Cinco de Mayo Hero
When “Cinco de Mayo” is mentioned in Mexico, one of the most symbolic battles in the Mexican collective unconscious immediately comes to mind: the Battle of Puebla. General Ignacio Zaragoza, with only a small army, took on the powerful French forces of Napoleon III during the Second French Intervention.
Ignacio Zaragoza Seguin was born on March 24, 1829 in the city of Presidio de La Bahia de Espiritu Santo, now Goliad, in southern Texas, USA. He was the second son of the marriage between Miguel Zaragoza and Maria de Jesus Valdez Martinez Seguin.
When he was five years old, after the independence of Texas, his family moved to Matamoros in Tamaulipas state, where he began his studies and ten years later he moved to Monterrey, Nuevo Leon.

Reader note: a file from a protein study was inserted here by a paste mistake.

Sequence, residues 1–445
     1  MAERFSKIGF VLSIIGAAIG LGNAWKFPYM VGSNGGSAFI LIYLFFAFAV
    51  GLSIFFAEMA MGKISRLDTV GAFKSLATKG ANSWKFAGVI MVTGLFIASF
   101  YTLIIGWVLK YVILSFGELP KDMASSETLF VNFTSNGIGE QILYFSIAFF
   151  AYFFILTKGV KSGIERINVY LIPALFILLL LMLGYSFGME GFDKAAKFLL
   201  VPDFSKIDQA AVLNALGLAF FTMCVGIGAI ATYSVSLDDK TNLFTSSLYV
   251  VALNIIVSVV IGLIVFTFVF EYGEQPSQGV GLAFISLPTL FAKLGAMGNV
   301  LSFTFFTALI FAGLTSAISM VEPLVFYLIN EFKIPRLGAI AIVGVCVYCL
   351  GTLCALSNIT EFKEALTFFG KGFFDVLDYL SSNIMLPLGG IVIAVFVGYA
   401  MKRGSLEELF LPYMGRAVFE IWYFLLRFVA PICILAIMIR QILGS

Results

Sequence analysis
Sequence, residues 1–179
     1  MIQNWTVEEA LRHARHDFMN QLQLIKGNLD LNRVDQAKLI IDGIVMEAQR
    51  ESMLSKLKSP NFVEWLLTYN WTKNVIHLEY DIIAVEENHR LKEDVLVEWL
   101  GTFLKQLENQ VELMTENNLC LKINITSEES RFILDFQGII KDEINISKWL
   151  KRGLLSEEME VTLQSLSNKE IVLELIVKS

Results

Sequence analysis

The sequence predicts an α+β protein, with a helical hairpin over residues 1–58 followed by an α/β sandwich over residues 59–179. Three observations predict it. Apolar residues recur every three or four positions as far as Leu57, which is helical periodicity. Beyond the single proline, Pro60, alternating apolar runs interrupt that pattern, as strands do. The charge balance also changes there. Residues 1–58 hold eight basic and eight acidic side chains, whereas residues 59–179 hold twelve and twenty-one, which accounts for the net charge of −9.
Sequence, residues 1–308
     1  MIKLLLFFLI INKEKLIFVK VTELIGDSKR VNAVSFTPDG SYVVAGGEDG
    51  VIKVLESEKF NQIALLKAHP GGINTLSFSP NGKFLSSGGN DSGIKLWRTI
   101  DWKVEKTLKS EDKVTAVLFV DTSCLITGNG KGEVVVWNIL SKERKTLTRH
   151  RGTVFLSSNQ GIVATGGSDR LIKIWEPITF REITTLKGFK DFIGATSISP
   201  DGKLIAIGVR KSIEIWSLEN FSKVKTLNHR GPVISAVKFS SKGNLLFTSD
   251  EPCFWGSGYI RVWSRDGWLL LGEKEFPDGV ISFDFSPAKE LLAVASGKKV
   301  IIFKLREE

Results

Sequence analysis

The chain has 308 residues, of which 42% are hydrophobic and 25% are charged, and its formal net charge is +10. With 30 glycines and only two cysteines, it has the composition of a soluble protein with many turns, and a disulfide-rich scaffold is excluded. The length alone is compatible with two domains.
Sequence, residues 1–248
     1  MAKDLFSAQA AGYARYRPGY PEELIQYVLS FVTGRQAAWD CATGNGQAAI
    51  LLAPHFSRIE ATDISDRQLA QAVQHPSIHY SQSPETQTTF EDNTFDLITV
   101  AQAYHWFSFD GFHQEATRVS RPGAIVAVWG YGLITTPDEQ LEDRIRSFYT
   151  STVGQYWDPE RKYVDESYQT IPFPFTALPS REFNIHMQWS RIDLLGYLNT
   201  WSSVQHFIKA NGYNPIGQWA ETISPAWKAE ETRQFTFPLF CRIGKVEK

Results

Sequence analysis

For several years he leaned toward the priesthood, but then left, perhaps to continue the example of his father, who was an infantryman.
During the United States intervention in Mexico between 1846 and 1848,young Zaragoza tried to enlist as a cadet, but was rejected.
He saw, however, from a distance, how Mexico lost more than half of its territory in an unequal war. It was not until 1853 that he managed to enter the Nuevo Leon army, first as a sergeant, then later as captain of his regiment. In 1854, he decided to join the Plan de Ayutla, a movement that attempted to overthrow the dictator Antonio Lopez de Santa Anna.